LEED ID+C: Commercial Interiors v2 - LEED 2.0
701 Bishop St. Tenant Improvement
LEED Platinum 2011
The Hau`oli Mau Loa Foundation wanted to show that the goals of LEED certification can complement, as well as benefit, a historic building – rather than compete with it...
With a mission that includes promoting stewardship, preservation, and protection of the environment, the Hau`oli Mau Loa Foundation (HMLF) wanted the renovation of its offices to be as environmentally responsible as possible. Hawaii Architecture LLP worked to make certain that the 4,285-square-foot office interior retained original historical features while implementing efficient and responsible building methods.
This tenant improvement project encompassed a complete interior renovation of the first floor and mezzanine space in the historic Dillingham Transportation Building. The Dillingham Transportation Building, originally constructed in 1929, is located on a busy intersection in downtown Honolulu, Hawaii, and is listed on the National Historic Register.
The client requested an open, inviting, and collaborative office space that was flexible enough to allow the Foundation to grow. The mezzanine portion of the space is currently subleased.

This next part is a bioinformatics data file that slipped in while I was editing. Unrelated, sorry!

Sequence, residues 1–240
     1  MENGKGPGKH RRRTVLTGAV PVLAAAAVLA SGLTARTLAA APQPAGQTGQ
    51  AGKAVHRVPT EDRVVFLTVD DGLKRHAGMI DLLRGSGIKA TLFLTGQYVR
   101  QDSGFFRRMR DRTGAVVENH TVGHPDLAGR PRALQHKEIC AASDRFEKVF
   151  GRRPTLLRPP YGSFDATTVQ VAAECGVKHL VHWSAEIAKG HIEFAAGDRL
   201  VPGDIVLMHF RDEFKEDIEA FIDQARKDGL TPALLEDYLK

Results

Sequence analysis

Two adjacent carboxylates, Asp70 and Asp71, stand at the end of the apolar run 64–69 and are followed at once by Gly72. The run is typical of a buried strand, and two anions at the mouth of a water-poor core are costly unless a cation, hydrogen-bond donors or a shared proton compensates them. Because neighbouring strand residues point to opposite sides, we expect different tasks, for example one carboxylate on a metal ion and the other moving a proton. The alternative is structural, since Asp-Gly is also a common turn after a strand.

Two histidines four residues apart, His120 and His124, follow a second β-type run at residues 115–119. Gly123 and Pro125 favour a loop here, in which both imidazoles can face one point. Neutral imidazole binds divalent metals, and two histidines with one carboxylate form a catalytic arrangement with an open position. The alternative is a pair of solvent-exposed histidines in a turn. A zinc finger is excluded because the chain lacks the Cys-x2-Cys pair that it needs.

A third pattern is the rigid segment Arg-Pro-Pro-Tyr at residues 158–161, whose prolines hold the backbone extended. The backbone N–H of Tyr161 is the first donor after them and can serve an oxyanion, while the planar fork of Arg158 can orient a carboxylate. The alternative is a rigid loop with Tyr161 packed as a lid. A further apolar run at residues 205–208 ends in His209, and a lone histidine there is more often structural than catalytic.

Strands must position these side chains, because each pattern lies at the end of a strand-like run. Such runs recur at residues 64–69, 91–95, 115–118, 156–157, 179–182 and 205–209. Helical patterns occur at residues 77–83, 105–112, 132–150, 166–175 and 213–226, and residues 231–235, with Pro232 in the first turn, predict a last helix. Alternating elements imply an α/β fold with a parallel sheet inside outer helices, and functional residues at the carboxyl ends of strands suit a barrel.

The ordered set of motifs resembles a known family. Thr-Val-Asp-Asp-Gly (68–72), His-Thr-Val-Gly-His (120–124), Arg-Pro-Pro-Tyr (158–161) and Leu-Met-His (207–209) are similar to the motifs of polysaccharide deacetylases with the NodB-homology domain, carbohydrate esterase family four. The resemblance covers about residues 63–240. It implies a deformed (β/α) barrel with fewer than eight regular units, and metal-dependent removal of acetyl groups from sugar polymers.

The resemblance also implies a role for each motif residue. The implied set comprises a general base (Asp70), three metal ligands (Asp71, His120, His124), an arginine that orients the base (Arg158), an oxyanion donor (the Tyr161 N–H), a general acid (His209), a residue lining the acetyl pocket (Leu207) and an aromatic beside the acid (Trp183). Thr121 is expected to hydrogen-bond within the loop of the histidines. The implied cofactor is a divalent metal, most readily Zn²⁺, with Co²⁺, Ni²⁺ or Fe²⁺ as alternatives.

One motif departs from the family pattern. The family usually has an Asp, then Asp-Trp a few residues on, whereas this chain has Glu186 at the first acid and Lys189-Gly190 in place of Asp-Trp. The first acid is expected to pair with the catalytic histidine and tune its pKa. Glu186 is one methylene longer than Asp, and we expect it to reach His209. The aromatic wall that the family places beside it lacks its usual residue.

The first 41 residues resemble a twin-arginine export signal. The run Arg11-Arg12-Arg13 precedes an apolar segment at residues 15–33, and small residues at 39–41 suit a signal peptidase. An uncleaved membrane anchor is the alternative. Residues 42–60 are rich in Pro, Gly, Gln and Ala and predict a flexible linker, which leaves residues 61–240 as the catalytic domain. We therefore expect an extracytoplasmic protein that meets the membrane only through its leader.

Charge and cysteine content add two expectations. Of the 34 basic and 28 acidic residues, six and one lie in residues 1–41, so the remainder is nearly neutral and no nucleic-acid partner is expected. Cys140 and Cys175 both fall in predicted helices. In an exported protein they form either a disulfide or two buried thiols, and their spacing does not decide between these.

One of the most challenging, unique, and rewarding aspects of this project was that everyone involved in the project shared a common goal: showing that a historic renovation could be done with efficient and sustainable concepts in mind. Key successes were realized through an equally persistent focus to reduce energy loads and provide responsible construction materials and methods within the constraints of a building on the Historic Register. The Foundation’s office retained many of the original Italian Renaissance/Mediterranean Revival inspired building features such as the interior ceiling treatment, column capitols, exterior entry doors, and period-specific window frames and hardware. The existing interior square footage remained the same and the bulk of the interior walls were preserved. Interior walls along the entry corridor parallel to the exterior window walls were replaced with translucent surfaces to promote transfer of light deep into the space.
The process realized a design which reduced lighting energy by 55% below the ASHRAE 90.1 baseline, as well as a 29% reduction in mechanical energy and a 43% reduction in water use. The team also reused 43% of the non-structural architectural components, creating an impressive transformation from the original space that allows natural light to propagate through the space as deeply as possible.
Located in the center of downtown Honolulu, HMLF’s parent property provides a density of 460,000 square feet per acre. With an average surrounding density of over 130,000 square feet per acre and an amicable climate, the project locale is an optimal setting for providing amenities within a short walking distance. The client dedicated space to provide bike storage and shower facilities within the office, providing even more transportation flexibility to its employees. The downtown connectivity of the HMLF offices allows easy access by bike, bus, foot, and car.